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Concussion history is associated with increased lower-extremity injury incidence in Reserve Officers’ Training Corps cadets
  1. Katherine J Hunzinger1,2,
  2. K N Radzak3,
  3. K M Costantini1,
  4. C B Swanik1,2 and
  5. T A Buckley1,2
  1. 1Kinesiology and Applied Physiology, University of Delaware, Newark, Delaware, USA
  2. 2Interdisciplinary Biomechanics and Movement Science Program, University of Delaware, Newark, Delaware, USA
  3. 3Kinesiology and Nutrition Sciences, University of Nevada Las Vegas, Las Vegas, Nevada, USA
  1. Correspondence to Dr T A Buckley, Kinesiology & Applied Physiology, University of Delaware, Newark, DE 19702, USA; tbuckley{at}


Introduction Concussions have been associated with an increased risk of lower-extremity musculoskeletal injury (LE-MSI) in athletes and US Army soldiers, creating an added economic, physical and social burden. Yet, there is a paucity of evidence on this relationship among Reserve Officers’ Training Corps (ROTC) cadets, a group which engages in activities with high-injury risk and will subsequently commission as active duty officers. This study aimed to examine the association between concussions and LE-MSI in ROTC cadets.

Methods 125 (83 were male) Army and Air Force ROTC cadets (19.8±2.0 years) from two large state universities’ Army and Air Force ROTC programmes participated in this study. Cadets completed a reliable injury history questionnaire to ascertain the following variables of interest: (1) any concussion history, (2) reported concussions, (3) undiagnosed concussions, and (4) potentially unrecognised concussion history and LE-MSI history (eg, ankle sprain, knee sprain or muscle strain). Data were analysed using a χ2 test for association and binary logistic regression to determine ORs.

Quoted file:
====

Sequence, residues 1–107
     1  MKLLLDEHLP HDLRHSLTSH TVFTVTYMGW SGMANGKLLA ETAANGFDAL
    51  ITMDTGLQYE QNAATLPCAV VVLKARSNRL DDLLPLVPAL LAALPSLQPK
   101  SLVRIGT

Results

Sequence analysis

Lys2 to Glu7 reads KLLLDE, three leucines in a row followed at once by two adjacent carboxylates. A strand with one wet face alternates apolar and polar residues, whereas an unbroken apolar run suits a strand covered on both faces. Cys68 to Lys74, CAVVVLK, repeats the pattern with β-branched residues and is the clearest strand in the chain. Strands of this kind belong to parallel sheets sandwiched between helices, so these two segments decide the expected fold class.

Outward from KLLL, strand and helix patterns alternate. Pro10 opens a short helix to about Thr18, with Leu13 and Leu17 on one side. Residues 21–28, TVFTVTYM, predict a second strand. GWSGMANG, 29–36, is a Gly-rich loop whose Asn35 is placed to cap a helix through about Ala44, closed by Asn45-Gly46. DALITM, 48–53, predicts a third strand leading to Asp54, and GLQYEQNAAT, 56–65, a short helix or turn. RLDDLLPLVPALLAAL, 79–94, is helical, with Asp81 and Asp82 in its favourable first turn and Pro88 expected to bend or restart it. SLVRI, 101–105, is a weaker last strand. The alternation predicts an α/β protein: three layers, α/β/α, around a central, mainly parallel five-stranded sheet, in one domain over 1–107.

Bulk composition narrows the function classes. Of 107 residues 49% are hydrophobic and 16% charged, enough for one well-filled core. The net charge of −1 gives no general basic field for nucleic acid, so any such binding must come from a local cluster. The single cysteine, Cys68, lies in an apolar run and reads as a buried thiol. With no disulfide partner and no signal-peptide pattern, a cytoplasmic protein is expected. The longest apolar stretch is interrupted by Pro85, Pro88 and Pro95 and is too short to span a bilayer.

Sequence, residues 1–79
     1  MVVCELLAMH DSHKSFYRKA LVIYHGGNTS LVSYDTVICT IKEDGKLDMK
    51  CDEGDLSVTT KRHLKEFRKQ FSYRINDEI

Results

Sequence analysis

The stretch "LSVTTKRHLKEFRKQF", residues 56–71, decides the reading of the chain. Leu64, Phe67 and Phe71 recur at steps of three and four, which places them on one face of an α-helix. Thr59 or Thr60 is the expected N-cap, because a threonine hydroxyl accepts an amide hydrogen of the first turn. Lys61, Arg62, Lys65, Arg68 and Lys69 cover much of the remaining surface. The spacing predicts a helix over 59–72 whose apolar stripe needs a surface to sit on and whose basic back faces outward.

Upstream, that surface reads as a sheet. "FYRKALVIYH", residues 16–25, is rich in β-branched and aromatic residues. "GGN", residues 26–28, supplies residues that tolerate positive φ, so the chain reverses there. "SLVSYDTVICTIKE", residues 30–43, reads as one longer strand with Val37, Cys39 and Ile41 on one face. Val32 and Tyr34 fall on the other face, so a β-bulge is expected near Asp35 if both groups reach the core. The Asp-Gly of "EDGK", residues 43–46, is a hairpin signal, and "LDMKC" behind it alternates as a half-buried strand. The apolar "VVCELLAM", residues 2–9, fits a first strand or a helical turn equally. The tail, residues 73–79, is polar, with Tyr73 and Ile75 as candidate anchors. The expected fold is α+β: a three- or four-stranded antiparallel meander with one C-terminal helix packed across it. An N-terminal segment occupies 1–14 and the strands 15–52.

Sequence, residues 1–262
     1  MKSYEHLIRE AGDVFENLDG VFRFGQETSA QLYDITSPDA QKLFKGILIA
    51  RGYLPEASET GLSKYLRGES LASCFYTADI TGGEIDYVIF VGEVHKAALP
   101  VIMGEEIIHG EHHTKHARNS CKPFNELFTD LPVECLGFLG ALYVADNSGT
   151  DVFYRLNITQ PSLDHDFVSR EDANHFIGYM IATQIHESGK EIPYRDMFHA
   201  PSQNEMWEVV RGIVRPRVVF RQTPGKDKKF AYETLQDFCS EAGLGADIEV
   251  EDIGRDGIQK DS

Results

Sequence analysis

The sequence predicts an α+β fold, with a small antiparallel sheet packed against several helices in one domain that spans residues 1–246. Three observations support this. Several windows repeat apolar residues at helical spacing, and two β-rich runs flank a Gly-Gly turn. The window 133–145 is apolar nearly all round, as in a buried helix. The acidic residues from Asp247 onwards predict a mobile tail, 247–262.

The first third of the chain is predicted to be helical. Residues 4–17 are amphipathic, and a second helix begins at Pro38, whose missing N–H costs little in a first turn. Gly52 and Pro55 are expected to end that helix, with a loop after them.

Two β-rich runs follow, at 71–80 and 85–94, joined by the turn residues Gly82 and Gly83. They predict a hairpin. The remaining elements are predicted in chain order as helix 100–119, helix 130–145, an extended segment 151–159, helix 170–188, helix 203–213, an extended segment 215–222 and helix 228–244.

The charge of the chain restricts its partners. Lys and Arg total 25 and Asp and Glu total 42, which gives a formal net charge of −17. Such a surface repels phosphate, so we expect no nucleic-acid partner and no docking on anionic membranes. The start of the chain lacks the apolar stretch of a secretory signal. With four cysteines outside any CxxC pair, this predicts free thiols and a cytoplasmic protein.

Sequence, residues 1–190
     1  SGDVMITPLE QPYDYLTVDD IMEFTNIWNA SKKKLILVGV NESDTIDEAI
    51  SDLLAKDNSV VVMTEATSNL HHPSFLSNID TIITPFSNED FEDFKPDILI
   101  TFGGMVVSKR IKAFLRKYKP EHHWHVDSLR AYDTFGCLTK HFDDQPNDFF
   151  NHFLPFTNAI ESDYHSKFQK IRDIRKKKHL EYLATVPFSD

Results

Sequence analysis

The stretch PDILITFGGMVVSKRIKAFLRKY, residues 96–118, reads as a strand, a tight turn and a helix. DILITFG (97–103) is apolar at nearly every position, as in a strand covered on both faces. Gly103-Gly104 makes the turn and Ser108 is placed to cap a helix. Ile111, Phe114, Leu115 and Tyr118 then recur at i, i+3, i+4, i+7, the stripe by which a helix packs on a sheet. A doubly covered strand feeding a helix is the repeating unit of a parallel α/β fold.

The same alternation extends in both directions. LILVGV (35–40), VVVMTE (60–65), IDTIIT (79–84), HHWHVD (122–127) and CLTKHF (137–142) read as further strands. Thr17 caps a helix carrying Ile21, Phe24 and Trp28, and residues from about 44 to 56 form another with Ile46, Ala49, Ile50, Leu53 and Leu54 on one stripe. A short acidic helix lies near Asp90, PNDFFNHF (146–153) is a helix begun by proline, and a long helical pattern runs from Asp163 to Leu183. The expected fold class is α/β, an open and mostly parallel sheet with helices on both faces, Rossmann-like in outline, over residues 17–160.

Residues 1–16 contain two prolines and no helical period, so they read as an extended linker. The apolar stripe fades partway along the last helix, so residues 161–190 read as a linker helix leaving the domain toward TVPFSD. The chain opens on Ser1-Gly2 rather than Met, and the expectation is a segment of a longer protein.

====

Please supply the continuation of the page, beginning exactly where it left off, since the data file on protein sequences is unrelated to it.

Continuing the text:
Results Cadets with any concussion history (n=42) had a significantly (p=0.035) higher association with LE-MSI (OR 2.47, 95% CI 1.05 to 5.83) than those without. Cadets who had a reported concussion (n=33) had a significantly (p=0.026) higher association with LE-MSI (OR 2.95, 95% CI 1.11 to 7.84) compared to cadets without.

Conclusions ROTC cadets with a history of diagnosed concussion were more likely to have suffered an LE-MSI than cadets without a concussion history. ROTC cadre should be aware of this relationship and incorporate injury prevention protocols.

  • neurological injury
  • epidemiology
  • sports medicine
  • epidemiology

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  • Contributors KJH, KNR, CBS and TAB were involved in the planning, conduct and design of the study. KJH and KMC were involved in data collection for site 1 and KNR for site 2. KJH and KMC were involved in the overall data analysis. All authors contributed to data interpretation and manuscript writing.

  • Funding The authors have not declared a specific grant for this research from any funding agency in the public, commercial or not-for-profit sectors.

  • Competing interests None declared.

  • Patient consent for publication Not required.

  • Ethics approval Institutional review board at both institutions approved the study, and written informed consent was obtained from cadets prior to enrolment.

  • Provenance and peer review Not commissioned; externally peer reviewed.

  • Data availability statement Data are available upon reasonable request. Data may be requested via email request made to author Katherine J Hunzinger (

  • Supplemental material This content has been supplied by the author(s). It has not been vetted by BMJ Publishing Group Limited (BMJ) and may not have been peer-reviewed. Any opinions or recommendations discussed are solely those of the author(s) and are not endorsed by BMJ. BMJ disclaims all liability and responsibility arising from any reliance placed on the content. Where the content includes any translated material, BMJ does not warrant the accuracy and reliability of the translations (including but not limited to local regulations, clinical guidelines, terminology, drug names and drug dosages), and is not responsible for any error and/or omissions arising from translation and adaptation or otherwise.